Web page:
Saturday, December 8, 2012

What Does Noah Have to Do with Me?

Adam and Eve, the Garden of Eden, Noah and the Ark—they’re all myths, right? Isn’t that what we think?

In reading the next chunk of the Catechism, paragraphs 54–58 about the early stages of God’s revelation to man, it strikes me that we might want to give these Genesis narratives another look. Dismissing them as fiction, we may be throwing the baby out with the bathwater, not to mention Noah with the Flood.

The Catechism takes these stories seriously, if not literally (important distinction). The Compendium of the Catechism sums up their meaning this way—

“From the very beginning, God manifested himself to our first parents, Adam and Eve, and invited them to intimate communion with himself. After their fall, he did not cease his revelation to them but promised salvation for all their descendants. After the flood, he made a covenant with Noah, a covenant between himself and all living beings.”

The God of the Old Testament has had a bad rap, often thought of as mean, angry, vengeful. Genesis tells us that since the first man and woman turned away from Him, God has been trying to get us back. According to the encyclical Dei Verbum (1965), which underlies this section of the Catechism, God has “ceaselessly kept the human race in His care.” Despite man’s original sin and fall from grace, according to paragraph 55, God “has never ceased to show his solicitude. For he wishes to give eternal life to all those who seek salvation by patience in well-doing.”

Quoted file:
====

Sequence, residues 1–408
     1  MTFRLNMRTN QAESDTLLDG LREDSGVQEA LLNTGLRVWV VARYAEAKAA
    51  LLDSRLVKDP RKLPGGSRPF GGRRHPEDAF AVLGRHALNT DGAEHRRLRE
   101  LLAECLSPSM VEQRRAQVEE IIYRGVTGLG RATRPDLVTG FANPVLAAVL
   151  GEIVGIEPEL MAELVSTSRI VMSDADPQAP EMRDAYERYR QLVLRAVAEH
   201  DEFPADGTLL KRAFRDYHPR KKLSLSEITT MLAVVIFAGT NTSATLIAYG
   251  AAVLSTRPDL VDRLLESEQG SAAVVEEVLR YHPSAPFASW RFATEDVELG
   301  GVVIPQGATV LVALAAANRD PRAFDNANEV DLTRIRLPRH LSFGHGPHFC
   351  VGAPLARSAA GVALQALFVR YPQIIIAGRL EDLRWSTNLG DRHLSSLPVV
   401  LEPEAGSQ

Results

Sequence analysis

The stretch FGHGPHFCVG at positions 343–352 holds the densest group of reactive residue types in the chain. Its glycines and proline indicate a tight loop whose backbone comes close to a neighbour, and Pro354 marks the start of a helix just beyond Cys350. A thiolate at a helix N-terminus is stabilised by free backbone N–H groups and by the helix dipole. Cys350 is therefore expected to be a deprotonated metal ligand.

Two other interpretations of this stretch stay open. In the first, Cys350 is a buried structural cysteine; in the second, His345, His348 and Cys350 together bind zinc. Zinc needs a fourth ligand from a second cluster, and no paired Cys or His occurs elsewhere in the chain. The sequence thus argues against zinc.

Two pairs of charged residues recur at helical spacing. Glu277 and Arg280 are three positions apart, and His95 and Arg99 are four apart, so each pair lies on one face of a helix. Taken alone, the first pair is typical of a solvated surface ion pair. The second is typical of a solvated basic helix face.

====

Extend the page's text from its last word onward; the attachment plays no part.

After Eden came the Flood, and God’s covenant with Noah. Here (paragraphs 56-57) the CCC makes a striking point:

“The covenant with Noah . . . gives expression to the principle of the divine economy toward the nations,’ in other words, toward men grouped ‘in their lands, each with [its] own language, by their families, in their nations.’

“This state of division into many nations is at once cosmic, social, and religious. It is intended to limit the pride of fallen humanity, united only in its perverse ambition to forge its own unity as at Babel. But, because of sin, polytheism and the idolatry of the nation and its rulers constantly threaten this provisional economy with the perversion of paganism.”

I never heard that before. That the division of the world into nations after the flood was meant to limit our pride. Or that sin leads us to idolatry of our nations and rulers.

Forty years ago, when I was young, liberals (like me then) accused conservatives (aka “hawks,” like my Dad) of making an idol of the USA. Today, liberals have made an idol of their ruler, President Obama. Both positions are equally “fallen.”

But if we think of Adam and Eve as early Bagginses, and Noah as fancy like Paul Bunyan, we won’t entertain these thoughts, will we?

[This post is one in an ongoing series of personal reflections about the CCC, using the Compendium as a point of reference.]

No comments:

Post a Comment

If you have trouble posting comments, please log in as Anonymous and sign your comment manually.